GAME REVIEW: A Way Out

Title: A Way Out

Developer: Hazelight Publisher: Electronic Arts

Release Date: March 23rd, 2018

Reviewed on: PlayStation 5

Introduction: A Way Out is an action-adventure game for the PlayStation 4 that requires two players to experience its story

Synopsis: This game tasks two players to play as Leo and Vincent as they attempt to escape to freedom through the power of teamwork and motivation fueled by revenge.  

A Way Out starts out with Leo and Vincent experiencing prison in different ways. It is Vincent’s first day in lockup, and Leo is making his way back to his cell from the yard. Over the course of being confined within the prison walls, they become partners in order to escape their sentences together. After finding weapons, tools, and constructing makeshift bed sheet ropes, they finally emerge from their concrete purgatory.

Leo and Vincent find themselves in the wilderness trying to reach their goal of finding Harvey, the man that landed them both in lockup. They catch food, rummage through a farmhouse, and steal a truck. They escape the authorities multiple times and rely on friends and family to get them into Mexico.       

Ultimately, you reach your destination, taking out the threat that ultimately binds the two men together. What the result brings forth is ultimately up to the players, which leaves for an even more creative ending than what my mind had envisioned. This story, though about 5-6 hours in length, left an imprint in my mind that I will always remember. It will forever remind me that there is a way out.

Analysis:

The World of A Way Out: Set in California 1972, the game starts you off in a prison, letting both players explore the yard and the various places in which they are limited to. Once you escape, you are thrown into the California wild, crossing narrow bridges, fishing in shallow riverbeds, releasing horses from a stable, and ransacking and old couples’ farmhouse–all on a journey to find Harvey. Along the way, you will meet Leo’s family in a trailer park, visit the hospital where Vincent’s wife is in labor, meet up with an arms dealer, and visit an associate of Vincents to fly them into Mexico to pursue a lead. The landscapes are varied and beautiful and interacting with it is fun and satisfying. I was both visually and audibly impressed with the game, and it added on a layer that helps define the story for its participants. Overall, the tone of its various mediums does an impeccable job.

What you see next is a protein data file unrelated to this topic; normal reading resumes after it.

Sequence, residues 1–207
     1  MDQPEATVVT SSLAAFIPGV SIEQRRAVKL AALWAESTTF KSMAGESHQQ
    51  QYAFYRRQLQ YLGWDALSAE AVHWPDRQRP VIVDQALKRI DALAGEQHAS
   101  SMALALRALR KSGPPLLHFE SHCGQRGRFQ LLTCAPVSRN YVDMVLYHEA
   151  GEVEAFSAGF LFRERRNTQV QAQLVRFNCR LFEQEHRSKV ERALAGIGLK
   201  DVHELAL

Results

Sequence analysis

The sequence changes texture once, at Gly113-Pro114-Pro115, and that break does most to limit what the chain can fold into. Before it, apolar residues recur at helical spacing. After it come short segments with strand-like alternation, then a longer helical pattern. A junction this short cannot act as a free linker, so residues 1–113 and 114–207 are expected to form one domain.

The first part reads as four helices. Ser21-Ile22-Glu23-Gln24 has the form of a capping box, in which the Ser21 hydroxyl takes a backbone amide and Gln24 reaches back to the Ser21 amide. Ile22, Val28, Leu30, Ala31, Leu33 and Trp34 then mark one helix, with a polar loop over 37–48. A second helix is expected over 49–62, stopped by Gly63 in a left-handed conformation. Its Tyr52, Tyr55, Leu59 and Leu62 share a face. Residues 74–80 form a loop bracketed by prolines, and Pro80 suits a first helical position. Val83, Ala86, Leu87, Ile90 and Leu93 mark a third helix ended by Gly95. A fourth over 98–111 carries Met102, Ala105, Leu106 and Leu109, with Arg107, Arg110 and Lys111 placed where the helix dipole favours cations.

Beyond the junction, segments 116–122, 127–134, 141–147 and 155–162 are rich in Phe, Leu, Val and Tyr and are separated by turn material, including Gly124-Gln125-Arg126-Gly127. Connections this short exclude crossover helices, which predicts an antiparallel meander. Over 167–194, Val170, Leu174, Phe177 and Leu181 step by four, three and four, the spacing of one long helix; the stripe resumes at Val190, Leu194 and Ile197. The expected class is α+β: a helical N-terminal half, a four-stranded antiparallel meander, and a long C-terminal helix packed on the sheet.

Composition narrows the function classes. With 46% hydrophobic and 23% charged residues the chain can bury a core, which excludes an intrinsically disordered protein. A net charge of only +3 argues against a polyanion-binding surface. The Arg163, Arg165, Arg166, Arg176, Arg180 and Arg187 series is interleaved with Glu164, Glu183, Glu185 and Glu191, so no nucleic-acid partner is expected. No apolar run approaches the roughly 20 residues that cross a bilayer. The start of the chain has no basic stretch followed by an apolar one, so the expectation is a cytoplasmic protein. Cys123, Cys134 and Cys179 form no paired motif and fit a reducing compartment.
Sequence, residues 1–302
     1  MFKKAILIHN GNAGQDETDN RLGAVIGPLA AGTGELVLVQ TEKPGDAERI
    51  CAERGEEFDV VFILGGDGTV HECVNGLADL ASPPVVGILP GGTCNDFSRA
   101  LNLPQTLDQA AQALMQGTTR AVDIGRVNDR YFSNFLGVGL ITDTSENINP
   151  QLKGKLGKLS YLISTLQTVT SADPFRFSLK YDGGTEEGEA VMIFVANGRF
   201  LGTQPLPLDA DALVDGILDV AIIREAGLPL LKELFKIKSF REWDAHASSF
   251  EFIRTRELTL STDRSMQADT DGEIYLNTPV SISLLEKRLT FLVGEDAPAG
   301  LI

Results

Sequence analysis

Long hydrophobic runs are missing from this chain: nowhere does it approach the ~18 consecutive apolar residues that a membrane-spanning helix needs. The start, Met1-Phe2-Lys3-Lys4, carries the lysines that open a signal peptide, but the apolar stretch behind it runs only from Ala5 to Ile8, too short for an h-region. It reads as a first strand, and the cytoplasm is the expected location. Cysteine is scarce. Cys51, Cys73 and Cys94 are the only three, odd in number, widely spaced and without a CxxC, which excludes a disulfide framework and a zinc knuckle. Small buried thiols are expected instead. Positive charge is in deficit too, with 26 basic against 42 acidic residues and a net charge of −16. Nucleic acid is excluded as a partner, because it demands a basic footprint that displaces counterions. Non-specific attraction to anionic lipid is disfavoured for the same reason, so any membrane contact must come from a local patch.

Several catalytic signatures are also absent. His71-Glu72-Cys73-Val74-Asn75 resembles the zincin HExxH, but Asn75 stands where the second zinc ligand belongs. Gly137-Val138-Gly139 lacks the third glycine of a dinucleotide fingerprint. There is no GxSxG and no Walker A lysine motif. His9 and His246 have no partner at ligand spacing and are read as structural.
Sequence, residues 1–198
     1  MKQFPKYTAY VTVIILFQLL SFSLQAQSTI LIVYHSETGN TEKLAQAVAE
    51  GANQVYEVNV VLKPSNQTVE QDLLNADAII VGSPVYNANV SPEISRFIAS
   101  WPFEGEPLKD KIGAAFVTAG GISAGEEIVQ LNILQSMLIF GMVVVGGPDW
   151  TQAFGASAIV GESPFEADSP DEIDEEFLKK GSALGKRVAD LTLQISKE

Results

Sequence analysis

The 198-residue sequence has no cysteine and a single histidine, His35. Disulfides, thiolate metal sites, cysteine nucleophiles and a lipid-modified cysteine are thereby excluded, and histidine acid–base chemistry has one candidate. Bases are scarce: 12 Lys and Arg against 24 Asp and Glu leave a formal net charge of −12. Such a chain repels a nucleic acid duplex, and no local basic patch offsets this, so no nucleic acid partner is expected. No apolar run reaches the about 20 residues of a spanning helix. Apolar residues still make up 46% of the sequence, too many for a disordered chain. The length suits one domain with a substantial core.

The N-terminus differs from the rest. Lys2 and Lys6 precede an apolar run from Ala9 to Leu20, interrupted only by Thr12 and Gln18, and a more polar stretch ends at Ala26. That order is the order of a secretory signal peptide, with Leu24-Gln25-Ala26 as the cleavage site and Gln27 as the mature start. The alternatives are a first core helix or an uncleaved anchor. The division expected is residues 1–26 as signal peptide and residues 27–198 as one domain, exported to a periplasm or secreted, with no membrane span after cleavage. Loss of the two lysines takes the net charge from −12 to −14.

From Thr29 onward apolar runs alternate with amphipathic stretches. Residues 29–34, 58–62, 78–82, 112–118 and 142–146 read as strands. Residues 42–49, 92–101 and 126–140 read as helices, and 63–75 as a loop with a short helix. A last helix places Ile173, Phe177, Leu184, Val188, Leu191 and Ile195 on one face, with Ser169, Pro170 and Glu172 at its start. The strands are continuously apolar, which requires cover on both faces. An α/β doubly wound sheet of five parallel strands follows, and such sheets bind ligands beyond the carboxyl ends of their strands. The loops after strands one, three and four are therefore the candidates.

The gameplay: Right from the beginning, you learn that pressing a button repeatedly can change the outcome of the story and prepare you all throughout the game. I did find that my appendages would hurt after an intense session of this repeated motion, which really was the only issue I had with the gameplay. You mainly work together on goals within the scene to accomplish the task at hand. One part in the prison, which was interesting, was working together while you are back-to-back climbing up an air shaft. You must hit the buttons correctly in a pattern, to accomplish the feat without failing. The game play varies over the different scenes. When you fish in one scene, one person must scare the fish towards the other player who needs to spear it. You can play instruments at the farmhouse, which can be a challenge to synch each players tune together. One player drives a truck while the other player fires upon the authorities. You skydive from the plane into Mexico and take on the enemy with four different weapons to choose from. Riding motorbikes to escape was a fun part of the game, while you try to get on the airplane at the end. A Way Out has a lot to offer in the various mechanics the player can partake in.

 

FINAL SORE–4.5

A Way Out – Was one of the most amazing two-player experiences I have come across. It was a joy to participate in this stellar storytelling along with my brother Nathan, who played as Vincent. I asked him what he had thought of the game, and he said,

The game feels like a movie. The two different personalities of the characters allow you to make choices based on your playstyle, which leads to a more engaging experience.  

– Nathan Kelley-

For me, the story left me wanting more. The gameplay was varied but not complicated, and the art and music glued the experience altogether beautifully. I applaud the team who created this experience because it is a work of powerful art.   

Shane Kelley is a Staff writer for Boss Rush Network, as well as a writer for Another Zelda Podcast. His favorite game is The Legend of Zelda: Ocarina of Time. You can find him on Twitter to talk video games, Marvel, and axe throwing.

              

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